New research shows that when a teen’s depression improves through treatment, so did depression experienced by the parent.
“More young people today are reporting persistent feelings of sadness and hopelessness and suicidal thoughts,” said Kelsey R. Howard, M.S., of Northwestern University, who presented the findings at the 2018 annual convention of the American Psychological Association. “At the same time, suicide rates have climbed in nearly all U.S. states. This research may help health care providers as we grapple as a nation with how to address these alarming trends.”
The long-term study included 325 teens who had been diagnosed with depression and 325 of their parents or caregivers.
The first treatment period ran for nearly one year, with an additional year of follow-up visits.
According to Howard, 25 percent of the parents who participated in the study also reported moderate to severe levels of depression before the treatment period.
The treatment process was not family-based, though some portions included the parent. Nonetheless, the results showed a positive ripple effect because when the severity of a teen’s depression lessened, so did similar symptoms in the parent, regardless of what treatment was used, the study found.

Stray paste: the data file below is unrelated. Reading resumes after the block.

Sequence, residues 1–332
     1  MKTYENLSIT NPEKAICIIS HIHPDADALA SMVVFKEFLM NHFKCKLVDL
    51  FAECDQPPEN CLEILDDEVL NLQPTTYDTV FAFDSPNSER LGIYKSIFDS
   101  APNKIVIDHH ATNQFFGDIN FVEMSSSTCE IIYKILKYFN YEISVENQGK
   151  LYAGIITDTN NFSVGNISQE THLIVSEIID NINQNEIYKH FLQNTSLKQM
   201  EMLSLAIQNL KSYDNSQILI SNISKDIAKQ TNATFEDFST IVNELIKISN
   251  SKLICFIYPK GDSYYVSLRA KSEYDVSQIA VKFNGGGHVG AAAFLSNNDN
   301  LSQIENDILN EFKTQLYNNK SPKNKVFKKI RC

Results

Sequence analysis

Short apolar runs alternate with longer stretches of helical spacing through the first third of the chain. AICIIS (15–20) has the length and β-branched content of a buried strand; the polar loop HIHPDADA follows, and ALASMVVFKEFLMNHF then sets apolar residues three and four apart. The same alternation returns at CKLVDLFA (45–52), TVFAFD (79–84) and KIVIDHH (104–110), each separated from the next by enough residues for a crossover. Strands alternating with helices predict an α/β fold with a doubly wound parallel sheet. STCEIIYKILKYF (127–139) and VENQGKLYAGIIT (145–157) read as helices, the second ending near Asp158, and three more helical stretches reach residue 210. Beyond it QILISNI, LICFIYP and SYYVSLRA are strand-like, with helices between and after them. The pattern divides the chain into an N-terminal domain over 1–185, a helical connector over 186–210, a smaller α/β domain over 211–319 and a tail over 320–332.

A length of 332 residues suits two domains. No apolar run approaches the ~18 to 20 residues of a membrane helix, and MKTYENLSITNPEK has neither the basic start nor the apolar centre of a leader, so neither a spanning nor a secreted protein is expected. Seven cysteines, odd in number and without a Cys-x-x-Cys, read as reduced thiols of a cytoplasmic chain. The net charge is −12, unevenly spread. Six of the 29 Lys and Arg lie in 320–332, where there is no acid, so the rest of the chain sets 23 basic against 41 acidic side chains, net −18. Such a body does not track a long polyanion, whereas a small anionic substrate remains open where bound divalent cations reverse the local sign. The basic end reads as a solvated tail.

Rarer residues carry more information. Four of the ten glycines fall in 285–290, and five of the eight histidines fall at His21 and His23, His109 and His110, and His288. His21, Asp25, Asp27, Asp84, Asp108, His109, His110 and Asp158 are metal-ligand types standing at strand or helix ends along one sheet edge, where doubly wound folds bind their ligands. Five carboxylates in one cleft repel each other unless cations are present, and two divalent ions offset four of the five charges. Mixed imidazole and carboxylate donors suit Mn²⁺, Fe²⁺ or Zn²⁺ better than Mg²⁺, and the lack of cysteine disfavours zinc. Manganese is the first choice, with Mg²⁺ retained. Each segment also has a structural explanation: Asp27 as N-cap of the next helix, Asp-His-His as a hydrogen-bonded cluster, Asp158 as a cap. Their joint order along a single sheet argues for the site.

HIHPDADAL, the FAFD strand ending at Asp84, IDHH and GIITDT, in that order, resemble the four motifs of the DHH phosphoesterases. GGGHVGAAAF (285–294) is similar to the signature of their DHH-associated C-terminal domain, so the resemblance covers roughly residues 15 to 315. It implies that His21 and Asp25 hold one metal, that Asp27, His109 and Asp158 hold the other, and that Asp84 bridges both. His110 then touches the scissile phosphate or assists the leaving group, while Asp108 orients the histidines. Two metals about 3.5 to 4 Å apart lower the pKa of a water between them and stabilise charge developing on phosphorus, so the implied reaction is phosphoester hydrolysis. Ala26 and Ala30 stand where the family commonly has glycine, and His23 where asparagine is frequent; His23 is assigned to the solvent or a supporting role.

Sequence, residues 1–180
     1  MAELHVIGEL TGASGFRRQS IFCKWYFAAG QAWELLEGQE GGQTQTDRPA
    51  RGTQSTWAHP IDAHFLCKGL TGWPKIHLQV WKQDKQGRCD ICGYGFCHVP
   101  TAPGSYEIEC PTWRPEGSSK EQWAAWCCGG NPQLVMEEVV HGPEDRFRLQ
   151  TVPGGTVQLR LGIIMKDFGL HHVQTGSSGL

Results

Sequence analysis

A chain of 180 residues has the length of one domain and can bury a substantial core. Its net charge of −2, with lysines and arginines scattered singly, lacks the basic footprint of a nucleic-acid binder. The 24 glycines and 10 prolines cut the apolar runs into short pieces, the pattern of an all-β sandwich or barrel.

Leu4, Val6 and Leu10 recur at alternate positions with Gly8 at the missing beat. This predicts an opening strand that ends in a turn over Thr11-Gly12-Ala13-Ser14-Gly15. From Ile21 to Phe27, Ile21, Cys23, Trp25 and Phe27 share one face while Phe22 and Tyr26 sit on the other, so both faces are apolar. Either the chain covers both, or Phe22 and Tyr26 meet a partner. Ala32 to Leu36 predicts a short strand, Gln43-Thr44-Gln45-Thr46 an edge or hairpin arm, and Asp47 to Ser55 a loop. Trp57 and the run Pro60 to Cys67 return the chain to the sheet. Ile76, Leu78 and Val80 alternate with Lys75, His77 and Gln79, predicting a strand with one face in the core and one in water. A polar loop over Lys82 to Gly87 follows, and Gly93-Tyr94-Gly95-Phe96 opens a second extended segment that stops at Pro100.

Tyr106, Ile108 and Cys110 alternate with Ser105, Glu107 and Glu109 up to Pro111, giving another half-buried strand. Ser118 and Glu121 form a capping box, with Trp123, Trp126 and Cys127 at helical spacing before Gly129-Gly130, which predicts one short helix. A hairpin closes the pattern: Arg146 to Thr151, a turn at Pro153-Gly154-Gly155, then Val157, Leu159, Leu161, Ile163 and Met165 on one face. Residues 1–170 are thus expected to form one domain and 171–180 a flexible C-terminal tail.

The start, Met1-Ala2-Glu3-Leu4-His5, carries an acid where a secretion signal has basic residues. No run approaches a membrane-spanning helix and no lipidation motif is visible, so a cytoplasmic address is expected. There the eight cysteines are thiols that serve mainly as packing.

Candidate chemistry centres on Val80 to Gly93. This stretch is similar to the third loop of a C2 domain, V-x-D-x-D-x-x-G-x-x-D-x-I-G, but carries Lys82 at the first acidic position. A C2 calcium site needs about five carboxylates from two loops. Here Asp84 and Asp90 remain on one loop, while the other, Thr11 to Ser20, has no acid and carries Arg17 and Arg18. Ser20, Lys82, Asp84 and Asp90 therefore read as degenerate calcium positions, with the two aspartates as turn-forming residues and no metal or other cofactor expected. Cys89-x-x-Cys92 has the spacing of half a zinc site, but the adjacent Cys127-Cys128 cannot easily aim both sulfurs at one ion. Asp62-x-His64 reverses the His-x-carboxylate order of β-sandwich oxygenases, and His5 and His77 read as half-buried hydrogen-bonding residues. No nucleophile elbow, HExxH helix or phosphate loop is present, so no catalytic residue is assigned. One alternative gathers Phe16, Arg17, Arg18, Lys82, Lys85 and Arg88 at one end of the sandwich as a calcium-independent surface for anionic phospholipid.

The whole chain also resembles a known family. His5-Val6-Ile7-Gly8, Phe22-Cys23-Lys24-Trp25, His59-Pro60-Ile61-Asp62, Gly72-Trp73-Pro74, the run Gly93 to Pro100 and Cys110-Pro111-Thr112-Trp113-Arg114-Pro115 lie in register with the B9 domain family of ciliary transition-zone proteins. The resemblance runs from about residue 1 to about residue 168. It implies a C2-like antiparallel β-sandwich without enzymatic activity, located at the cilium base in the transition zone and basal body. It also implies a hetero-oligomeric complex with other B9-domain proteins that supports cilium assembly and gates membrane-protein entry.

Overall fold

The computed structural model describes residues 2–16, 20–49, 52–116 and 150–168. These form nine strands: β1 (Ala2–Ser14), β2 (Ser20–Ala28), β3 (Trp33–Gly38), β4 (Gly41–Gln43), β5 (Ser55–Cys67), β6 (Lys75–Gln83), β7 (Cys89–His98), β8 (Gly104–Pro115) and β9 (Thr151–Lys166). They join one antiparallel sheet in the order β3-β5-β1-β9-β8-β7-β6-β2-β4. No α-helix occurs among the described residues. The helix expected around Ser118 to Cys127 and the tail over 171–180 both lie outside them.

“Depression is a massive public health concern that will take a variety of approaches to better manage. We believe our study is among the first to evaluate how the emotional health of a child can impact that of the parent,” said Mark A. Reinecke, Ph.D., a co-author of the study.
The findings could be useful for clinicians, as they may want to assess a parent’s level of depression when treating his or her child, or provide appropriate referrals, according to Howard.
“The concept of emotions being ‘contagious’ and spreading from person to person is well-known by psychologists,” Howard added. “This work opens up a range of possibilities for future research on the family-wide effects of treatment for adolescent depression.”